‘As the word suggests a link is a way of drawing connections between things, a way of forging semantic relationships. In the terminology of linguistics, the link plays a conjunctive role, binding together disparate ideas in digital prose. This seems self-evident enough, and yet for some reason the critical response to hypertext prose has always fixated on the dissociative powers of the link. In the world of hypertext fiction, the emphasis on fragmentation has its merits. But as a general interface convention, the link should be usually understood as a synthetic device, a tool that brings multifarious elements together into some kind or orderly unit. In this respect, the most compelling cultural analogy for the hypertext webs of today’s interfaces turns out to be not the splintered universe of channel surfing, but rather the damp fog-shrouded streets of Victorian London, and the mysterious resemblances of Charles Dickens. “Links of association” was actually a favourite phrase of Dickens. It plays a major role in the narrative of ‘Great Expectations – arguably his most intricately plotted work, and the most widely read of his ‘mature’ novels. For Dickens the link usually takes the form of a passing resemblance, half glimpsed and then forgotten. Throughout his oeuvre, the characters stumble across the faces of strangers and perceive some stray likeness, something felt but impossible to place. These moments are scattered through the novels like hauntings, like half memories, and it’s the ethereal quality that brings them very close to the subjective haze of modernism and the stream of consciousness.’ Interface Culture, Steven Johnson _ pg 111-112
‘The problem here is the conflict between ‘full and explicit’. for when we adopt a reflective attitude we can analyse the elements which are operative in a particular experience. However by analysing by taking the whole apart – we change the structure of the experience, it finds expression as a fragmented whole. The fullness, the qualitative unity – of the reciprocity is lost. The problem here is problem of philosophy itself. ‘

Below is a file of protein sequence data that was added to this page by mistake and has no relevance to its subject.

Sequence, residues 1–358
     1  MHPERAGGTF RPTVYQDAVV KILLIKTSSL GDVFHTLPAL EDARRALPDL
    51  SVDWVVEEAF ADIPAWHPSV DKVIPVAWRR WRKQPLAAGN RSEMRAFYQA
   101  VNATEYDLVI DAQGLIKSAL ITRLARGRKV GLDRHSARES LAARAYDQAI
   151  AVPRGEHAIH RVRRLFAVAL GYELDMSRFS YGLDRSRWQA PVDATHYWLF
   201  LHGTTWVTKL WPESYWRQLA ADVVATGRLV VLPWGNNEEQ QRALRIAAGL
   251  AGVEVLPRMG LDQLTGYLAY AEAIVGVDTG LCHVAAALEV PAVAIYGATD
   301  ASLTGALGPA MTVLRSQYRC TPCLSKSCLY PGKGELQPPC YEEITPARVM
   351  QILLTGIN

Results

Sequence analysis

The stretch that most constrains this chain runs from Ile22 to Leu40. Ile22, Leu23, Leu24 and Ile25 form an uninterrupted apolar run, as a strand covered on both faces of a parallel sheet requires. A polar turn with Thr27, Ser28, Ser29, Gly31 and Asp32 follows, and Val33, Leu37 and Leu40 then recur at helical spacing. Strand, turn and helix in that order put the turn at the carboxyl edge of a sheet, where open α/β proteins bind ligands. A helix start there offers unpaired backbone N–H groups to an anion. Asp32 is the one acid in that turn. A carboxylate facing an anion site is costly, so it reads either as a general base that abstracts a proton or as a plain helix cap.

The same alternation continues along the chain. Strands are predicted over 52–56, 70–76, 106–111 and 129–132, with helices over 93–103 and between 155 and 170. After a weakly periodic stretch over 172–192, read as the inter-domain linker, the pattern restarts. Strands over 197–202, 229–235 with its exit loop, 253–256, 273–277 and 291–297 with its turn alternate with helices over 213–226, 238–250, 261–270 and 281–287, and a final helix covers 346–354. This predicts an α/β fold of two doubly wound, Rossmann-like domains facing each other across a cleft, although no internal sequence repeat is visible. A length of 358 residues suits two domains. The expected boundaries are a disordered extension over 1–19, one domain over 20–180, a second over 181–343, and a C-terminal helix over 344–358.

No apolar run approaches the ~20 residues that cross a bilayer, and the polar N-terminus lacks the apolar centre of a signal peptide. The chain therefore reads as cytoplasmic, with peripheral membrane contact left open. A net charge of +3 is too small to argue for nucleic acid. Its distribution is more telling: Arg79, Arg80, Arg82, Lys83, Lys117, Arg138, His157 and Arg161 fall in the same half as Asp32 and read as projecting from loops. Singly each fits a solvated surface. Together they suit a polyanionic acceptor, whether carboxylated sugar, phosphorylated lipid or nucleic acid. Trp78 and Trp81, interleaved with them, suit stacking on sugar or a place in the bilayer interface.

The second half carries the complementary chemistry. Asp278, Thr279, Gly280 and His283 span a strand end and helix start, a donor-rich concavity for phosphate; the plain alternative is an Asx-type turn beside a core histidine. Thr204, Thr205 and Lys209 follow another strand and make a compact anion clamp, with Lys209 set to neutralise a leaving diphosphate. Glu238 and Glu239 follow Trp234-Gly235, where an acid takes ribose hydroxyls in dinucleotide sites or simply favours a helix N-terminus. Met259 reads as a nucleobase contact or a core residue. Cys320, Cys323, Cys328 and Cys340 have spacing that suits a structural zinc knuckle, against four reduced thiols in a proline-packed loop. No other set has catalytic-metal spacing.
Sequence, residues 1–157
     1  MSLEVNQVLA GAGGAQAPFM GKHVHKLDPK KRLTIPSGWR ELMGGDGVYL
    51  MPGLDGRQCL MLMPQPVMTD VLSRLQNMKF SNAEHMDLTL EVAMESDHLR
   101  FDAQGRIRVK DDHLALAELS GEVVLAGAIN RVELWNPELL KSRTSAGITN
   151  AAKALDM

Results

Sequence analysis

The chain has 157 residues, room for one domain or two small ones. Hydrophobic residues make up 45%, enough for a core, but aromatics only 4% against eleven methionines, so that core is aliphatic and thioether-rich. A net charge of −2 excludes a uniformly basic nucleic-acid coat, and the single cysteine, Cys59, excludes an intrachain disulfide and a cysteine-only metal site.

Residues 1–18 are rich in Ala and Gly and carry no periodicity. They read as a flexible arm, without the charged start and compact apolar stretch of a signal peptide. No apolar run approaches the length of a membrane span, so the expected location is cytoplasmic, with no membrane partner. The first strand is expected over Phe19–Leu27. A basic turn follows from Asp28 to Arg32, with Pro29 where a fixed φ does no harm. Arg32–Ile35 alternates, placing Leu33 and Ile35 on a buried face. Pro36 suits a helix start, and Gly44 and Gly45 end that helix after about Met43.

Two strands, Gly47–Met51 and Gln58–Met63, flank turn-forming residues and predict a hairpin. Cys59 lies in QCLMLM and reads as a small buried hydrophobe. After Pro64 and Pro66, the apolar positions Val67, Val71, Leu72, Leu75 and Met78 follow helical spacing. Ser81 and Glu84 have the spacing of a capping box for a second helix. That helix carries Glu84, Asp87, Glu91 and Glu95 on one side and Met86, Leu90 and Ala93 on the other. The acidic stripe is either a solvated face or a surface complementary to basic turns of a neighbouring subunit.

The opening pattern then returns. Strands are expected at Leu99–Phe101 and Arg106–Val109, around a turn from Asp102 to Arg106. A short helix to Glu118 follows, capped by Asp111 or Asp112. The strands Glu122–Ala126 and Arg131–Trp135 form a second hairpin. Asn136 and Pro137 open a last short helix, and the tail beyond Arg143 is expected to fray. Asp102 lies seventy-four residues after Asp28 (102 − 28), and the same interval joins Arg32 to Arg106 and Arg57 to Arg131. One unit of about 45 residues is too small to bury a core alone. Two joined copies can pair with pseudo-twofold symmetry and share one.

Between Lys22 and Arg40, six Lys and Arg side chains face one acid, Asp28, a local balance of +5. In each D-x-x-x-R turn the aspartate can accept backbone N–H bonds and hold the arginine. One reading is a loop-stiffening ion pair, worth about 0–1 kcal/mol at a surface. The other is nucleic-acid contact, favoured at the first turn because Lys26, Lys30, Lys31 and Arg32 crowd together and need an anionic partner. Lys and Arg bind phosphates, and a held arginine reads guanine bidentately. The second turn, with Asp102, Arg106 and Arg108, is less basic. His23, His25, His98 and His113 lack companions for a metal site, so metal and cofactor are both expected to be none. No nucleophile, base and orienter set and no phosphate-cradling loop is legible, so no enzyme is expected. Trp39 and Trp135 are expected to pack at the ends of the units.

Art and Embodiment: From Aesthetics to Self-consciousness
Publisher: OUP Oxford; New edition edition (5 April 2001)
The more man objectifies himself in his work, the more reality takes on the appearance of illusion. As the workings of the modern economy and the modern social order become increasingly inaccessible to everyday intelligence, art and philosophy abdicate the task of explaining them to the allegedly objective sciences of society, which themselves have retreated from the effort to master reality into the classification of trivia. Reality thus presents itself, to the layman and ’scientists’ alike, as an impenetrable network of social relations – as ‘role playing’, the ’presentation of self in everyday life’. To the performing self, the only reality is the identity he can construct out of materials furnished by advertising and mass culture, themes of popular film and fiction, and fragments torn from a vast range of cultural traditions, all of them equally contemporaneous to the contemporary mind. In order to polish and perfect the part he has devised for himself, the new Narcissus gases at his own reflection not so much in admiration as in unremitting search of flaws, signs of fatigue, decay. Life becomes a work of art, while ‘the first art work in an artist’ in Norman Mailers pronouncement, ’is the shaping of his own personality.’ The second of these principles has now been adopted not only by those who write ‘advertisements for myself ’ for publication but by the everyday artist in the street.
The Culture of Narcissism
W W Norton & Co Ltd; New edition edition (15 Jan 1979)